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Potato blight can devastate a promising crop of spuds in a matter of days. It’s frustrating, exasperating and dispiriting! But take a few precautions and you can avoid this fungal disease altogether, says Benedict Vanheems

Blight is more than just bothersome – it’s downright infuriating! We’ve all been there: you’ve patiently chitted your seed potatoes, dutifully planted them on a fine April morning, then nurtured them to full leafy splendour… only for the foliage to collapse, seemingly overnight.

Potato blight has a long history of ravaging our favourite vegetable. In Ireland a series of crop failures caused by blight led to the Great Famine of the 1840s, when an estimated one million people died and a further million emigrated. Perhaps the reason behind its ruthless efficiency is the ease with which the spores of this fungal disease spread – carried on the wind from field to field.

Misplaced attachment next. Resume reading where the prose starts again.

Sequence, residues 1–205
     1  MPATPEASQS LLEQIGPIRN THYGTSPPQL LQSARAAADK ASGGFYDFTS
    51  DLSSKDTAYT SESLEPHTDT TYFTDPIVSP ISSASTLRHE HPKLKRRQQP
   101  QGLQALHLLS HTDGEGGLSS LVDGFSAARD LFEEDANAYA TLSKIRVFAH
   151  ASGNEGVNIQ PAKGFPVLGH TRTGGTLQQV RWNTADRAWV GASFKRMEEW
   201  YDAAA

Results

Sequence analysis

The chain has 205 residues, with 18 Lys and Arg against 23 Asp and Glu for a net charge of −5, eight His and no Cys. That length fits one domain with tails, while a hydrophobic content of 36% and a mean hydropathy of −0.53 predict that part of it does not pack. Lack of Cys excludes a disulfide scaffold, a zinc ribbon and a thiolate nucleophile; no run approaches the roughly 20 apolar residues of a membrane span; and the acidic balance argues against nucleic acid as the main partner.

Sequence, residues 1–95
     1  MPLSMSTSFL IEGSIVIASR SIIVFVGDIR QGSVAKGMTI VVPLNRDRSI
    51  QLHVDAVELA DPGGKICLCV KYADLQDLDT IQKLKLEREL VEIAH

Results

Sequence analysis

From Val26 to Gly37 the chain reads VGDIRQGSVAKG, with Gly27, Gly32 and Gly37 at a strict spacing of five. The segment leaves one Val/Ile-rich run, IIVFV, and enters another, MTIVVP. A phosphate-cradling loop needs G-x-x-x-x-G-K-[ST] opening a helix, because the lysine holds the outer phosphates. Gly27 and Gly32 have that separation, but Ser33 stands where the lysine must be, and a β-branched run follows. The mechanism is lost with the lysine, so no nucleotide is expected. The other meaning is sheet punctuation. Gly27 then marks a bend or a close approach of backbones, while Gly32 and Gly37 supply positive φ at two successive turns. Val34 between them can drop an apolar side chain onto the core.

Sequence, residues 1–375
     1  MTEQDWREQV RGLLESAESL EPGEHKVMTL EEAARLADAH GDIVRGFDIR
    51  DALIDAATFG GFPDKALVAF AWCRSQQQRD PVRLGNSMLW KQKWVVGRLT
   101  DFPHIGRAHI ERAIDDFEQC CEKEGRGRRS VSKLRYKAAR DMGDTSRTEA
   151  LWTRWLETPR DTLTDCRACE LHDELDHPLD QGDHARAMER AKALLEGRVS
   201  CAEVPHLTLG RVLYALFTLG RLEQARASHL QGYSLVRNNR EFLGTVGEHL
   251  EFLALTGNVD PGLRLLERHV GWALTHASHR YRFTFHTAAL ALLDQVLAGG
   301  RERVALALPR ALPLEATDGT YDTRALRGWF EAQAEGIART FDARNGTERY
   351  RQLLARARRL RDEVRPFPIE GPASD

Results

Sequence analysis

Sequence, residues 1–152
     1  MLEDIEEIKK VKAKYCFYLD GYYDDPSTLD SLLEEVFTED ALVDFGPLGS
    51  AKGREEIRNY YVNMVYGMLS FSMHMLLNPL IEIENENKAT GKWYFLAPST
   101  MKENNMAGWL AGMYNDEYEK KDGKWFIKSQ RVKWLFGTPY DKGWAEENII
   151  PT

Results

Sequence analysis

There’s no mistaking those tell-tale first signs of blight. Small dark spots or lesions appear on the leaves, often with a fine, white, powdery growth around the edges. Serious infestations will spread to engulf the foliage, causing stems to collapse and leaves to look almost burnt. Infected tubers will develop brown or purple patches that become brown and grainy as the disease spreads towards the centre.


To plan defensive measures against potato blight, it’s necessary to understand the enemy. Both potato blight and tomato blight are caused by the same fungus, Phytophthora infestans.The disease spreads quickly in warm, humid weather.This usually means the first signs of blight are spotted in the second half of summer, though infection can begin from June in southern counties.

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In this month's issue of Kitchen Garden ... - Grow succulent strawberries - Save ££s on plants with our great offers - £2338 worth of garden goodies to be won! - Spring into action - 4 page sowing guide - Salads all year round - Try crunchy kohl rabi - How do you like it? Is your plot pristie or patchy? - Broad beans for beginners - 7 pages of delicious recipes - Bye bye to blight - Gloves tested - Boost your mood with gardeing